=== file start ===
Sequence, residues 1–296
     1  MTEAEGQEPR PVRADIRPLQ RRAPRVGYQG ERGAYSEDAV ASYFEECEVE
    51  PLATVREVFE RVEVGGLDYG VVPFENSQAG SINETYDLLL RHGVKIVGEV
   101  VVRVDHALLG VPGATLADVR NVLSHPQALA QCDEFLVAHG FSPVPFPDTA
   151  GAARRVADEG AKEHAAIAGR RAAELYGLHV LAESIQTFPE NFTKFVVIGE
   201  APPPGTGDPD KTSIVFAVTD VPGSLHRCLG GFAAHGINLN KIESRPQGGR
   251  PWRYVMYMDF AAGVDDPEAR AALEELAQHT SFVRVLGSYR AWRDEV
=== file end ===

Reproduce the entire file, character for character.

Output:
Sequence, residues 1–296
     1  MTEAEGQEPR PVRADIRPLQ RRAPRVGYQG ERGAYSEDAV ASYFEECEVE
    51  PLATVREVFE RVEVGGLDYG VVPFENSQAG SINETYDLLL RHGVKIVGEV
   101  VVRVDHALLG VPGATLADVR NVLSHPQALA QCDEFLVAHG FSPVPFPDTA
   151  GAARRVADEG AKEHAAIAGR RAAELYGLHV LAESIQTFPE NFTKFVVIGE
   201  APPPGTGDPD KTSIVFAVTD VPGSLHRCLG GFAAHGINLN KIESRPQGGR
   251  PWRYVMYMDF AAGVDDPEAR AALEELAQHT SFVRVLGSYR AWRDEV